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Why She Can’t Achieve Orgasm During Sexual Intercourse

Why She Can’t Achieve Orgasm During Sexual Intercourse

In fact an orgasm is a peak feeling of intense pleasure in response to stimulating sexual activity.

Vaginal penetration during sex indirectly stimulates the clitoris. But this may not be enough stimulation for orgasm.

Several women may also need direct manual or oral stimulation of the clitoris to reach orgasm.>>>>>CONTINUE READING HERE>>>>>

Anorgasmia, or female orgasmic disorder, is defined as experiencing any of the effects listed below in a significant way:

1.Delayed orgasm

2. Absence of orgasm

3. Fewer orgasms

4. Less-intense orgasms

Anorgasmia can also be: Lifelong, if you have never had an orgasm

Acquired, if you have new problems with having orgasms

Situational, if you have problems with orgasm only in certain situations, with certain kinds of stimulation or with certain partners

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Generalized, if you have problems with orgasm in any situation

Women who don’t always reach orgasm during sexual encounters may not find it distressing.

In that case, the lack of an orgasm is not considered a disorder.

Causes

Sexual arousal and orgasms are complex reactions to various physical, emotional, sensory and psychological factors.

Difficulties in any of these areas can affect your ability to have an orgasm.

Personal and psychological factors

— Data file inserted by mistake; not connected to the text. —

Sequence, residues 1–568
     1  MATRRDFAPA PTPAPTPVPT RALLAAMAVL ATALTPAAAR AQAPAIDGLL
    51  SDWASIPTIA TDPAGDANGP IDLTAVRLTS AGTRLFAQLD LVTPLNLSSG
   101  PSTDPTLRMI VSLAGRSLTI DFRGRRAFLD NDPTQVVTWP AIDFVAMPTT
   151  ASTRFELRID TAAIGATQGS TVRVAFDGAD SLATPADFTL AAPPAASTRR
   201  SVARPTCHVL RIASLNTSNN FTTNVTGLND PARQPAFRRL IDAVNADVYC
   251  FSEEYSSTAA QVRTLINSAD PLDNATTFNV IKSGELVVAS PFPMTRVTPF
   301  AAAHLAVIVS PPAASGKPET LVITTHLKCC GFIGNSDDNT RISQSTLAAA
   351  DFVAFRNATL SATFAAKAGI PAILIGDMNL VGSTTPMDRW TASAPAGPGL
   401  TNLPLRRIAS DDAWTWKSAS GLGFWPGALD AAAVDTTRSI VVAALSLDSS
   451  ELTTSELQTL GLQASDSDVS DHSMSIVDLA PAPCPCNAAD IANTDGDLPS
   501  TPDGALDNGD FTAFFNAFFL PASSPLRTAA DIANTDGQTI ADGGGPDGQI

Past experiences, behaviors, background or mental well-being may contribute to problems with orgasms.

These include:

1. Past sexual or emotional abuse

2. Lack of knowledge about sexual stimulation or interactions

3. Poor body image

4. Guilt or embarrassment about sex

5. Cultural or religious beliefs about sex

6. Stressors, such as financial problems or loss of a loved one

7. Mental health conditions, such as anxiety or depression

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8. Relationship factors

9. Problems with your sex partner may be contributing factors to problems with orgasms.

These may include:

Lack of emotional intimacy
Unresolved conflicts
Poor communication of sexual needs and preferences
Infidelity or breach of trust
Intimate partner violence
Partner’s sexual dysfunction, such a male partner with erectile dysfunction
Physical causes

A wide range of illnesses, physical changes and medications can interfere with orgasms:

Health conditions. Long-term conditions — such as diabetes, overactive bladder or multiple sclerosis — may be contributing or complicating factors in orgasm disorders.
Gynecological treatments.

Tissue damage from gynecologic surgeries, such as hysterectomy or cancer surgery, may affect the ability to have an orgasm.
Medications.

Many prescription and nonprescription medications can inhibit orgasm, including blood pressure medications, antipsychotic drugs, antihistamines and antidepressants — particularly selective serotonin reuptake inhibitors (SSRIs).

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Alcohol and smoking.

Alcohol suppresses the nervous system and may hamper the ability to have an orgasm.

Smoking can limit blood flow to your sexual organs, affecting your ability to have an orgasm.

Age-related changes to the body.

Changes to the body after menopause or later in life may contribute to various types of sexual dysfunction.

Related sexual disorders

Women experiencing anorgasmia may have one or more related sexual problems.

These may contribute to or complicate the problem with having orgasms.

These conditions include:

Problems with sexual arousal
Little or no desire for sex
Pain from sexual intercourse or other sexual stimulation
Dryness of the vagina or vulva
Involuntary tightening of the vagina (vaginismus).

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